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webbapps-common developer documentation
Chapter 2 - Quick HowTo for webapps-common and Web Applications


BIG DISCLAIMER: this is a work in progress. standard it-breaks-you-keep-the-pieces disclaimer here. I'm not even promising i won't even change the API at this point.


2.1 Quick and dirty: what to do

Okay, so this all sounds great... but how do I use it in my package, you ask? For the simplest of installations, you basically need to do three things:


2.1.1 Providing template web-server configuration

during configuration, webapps-common will look for a template webserver file in the location /usr/share/webapps-common/install/PACKAGE/httpd/apache_template.

TODO: the location is ugly, and the documentation is apache-specific.

The configuration file should contain everything needed for the application to properly function. Additionally, it should contain macros to be expanded by webapps-common that will make it customizable based on how the local admin has chosen to install the application. here is an example of such configuration:

     			# this is a sample template-based configuration file for apache.
     			# this file will be included as-is, with the exception that
     			# certain substitutions will occur with the result
     
     			# this macro expands to either a DocumentRoot or an Alias 
     			# directive, depending on whether this app is configured to
     			# run as a top level (i.e. www.foobar.com) or a subdirectory
     			# based configuration respectively.  
     			_WC_DOCROOT_DIRECTIVE_
     
     			# it is important to use Location instead of Directory
     			# for the webapps-common based config if you have an application
     			# that supports multiple instances
     			<Location _WC_WEBSITE_SUBDIRECTORY_>
     				# other settings here that relate to your application
     				# for example, if your app ships with its own php libraries:
     				php_value include_path ".:/usr/share/foo/lib"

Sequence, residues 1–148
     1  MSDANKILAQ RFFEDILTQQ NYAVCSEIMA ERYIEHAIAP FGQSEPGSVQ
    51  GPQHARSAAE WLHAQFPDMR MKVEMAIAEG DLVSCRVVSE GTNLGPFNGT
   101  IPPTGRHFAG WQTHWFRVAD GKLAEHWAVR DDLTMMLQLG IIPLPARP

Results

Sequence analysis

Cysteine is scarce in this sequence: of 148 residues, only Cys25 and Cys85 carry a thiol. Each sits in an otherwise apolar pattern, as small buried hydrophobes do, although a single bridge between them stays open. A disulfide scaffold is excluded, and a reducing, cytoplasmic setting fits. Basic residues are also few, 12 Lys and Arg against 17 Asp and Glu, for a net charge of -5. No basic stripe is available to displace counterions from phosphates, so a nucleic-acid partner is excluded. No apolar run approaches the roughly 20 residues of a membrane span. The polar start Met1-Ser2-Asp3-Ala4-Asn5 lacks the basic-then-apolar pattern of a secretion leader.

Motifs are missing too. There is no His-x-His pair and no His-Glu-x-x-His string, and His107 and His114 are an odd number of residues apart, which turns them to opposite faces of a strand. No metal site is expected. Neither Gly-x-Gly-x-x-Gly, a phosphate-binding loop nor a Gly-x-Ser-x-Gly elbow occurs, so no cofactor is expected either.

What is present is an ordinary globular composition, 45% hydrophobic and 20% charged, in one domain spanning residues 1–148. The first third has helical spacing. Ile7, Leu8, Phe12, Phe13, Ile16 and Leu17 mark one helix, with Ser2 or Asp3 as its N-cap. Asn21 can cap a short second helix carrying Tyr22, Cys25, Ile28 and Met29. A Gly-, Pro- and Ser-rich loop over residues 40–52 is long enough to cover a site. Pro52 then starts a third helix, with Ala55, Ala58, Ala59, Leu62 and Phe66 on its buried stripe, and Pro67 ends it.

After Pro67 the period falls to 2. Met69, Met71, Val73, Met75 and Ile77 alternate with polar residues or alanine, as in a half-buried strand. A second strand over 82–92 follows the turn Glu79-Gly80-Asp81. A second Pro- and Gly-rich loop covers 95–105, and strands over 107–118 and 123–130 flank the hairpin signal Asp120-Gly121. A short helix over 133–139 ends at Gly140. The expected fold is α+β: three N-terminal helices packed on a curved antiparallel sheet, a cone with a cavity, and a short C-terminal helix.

</Directory>

In the above example, the most important part is the _WC_DOCROOT_DIRECTIVE_, which will conditionally expand to either an Alias or DocumentRoot directive depending on how the application is configured.

For a full list of substitution variables, see Configuration template substitution variables., Section 5.2.


2.1.2 Putting in maintainer script hooks

Next, you will need to insert the webapps-common maintainer script hooks into your package's maintainer scripts, which consists of sourcing a particular shell script library, possibly setting a few variables to influence the behaviour of webapps-common (see Maintainer script hook variables, Section 5.1 for a full list), and then calling the wc_go function with the package name followed by the arguments passed to the maintainer script. The following example illustrates how this would be done in the config maintainance script.

     			if [ -f "/usr/share/debconf/confmodule" ]; then
     				. /usr/share/debconf/confmodule
     			fi
     			if [ -f "/usr/share/webapps-common/dpkg/config" ]; then
     				. /usr/share/webapps-common/dpkg/config
     				wc_go PACKAGE $@
     			fi

you must place these hooks into your config, postinst, prerm, and postrm scripts (or in otherwords in every maintainer script except the preinst).


2.2 Working Examples

If you would like to see working examples of packages currently using webapps-common, grab the latest webapps-common source from alioth, and look in the examples subdirectory. This directory contains debian source packages that generates packages implementing each of the above installation methods. Simply run the included buildpackages.sh script to generate them.


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webbapps-common developer documentation

$Revision: 133 $

Sean Finney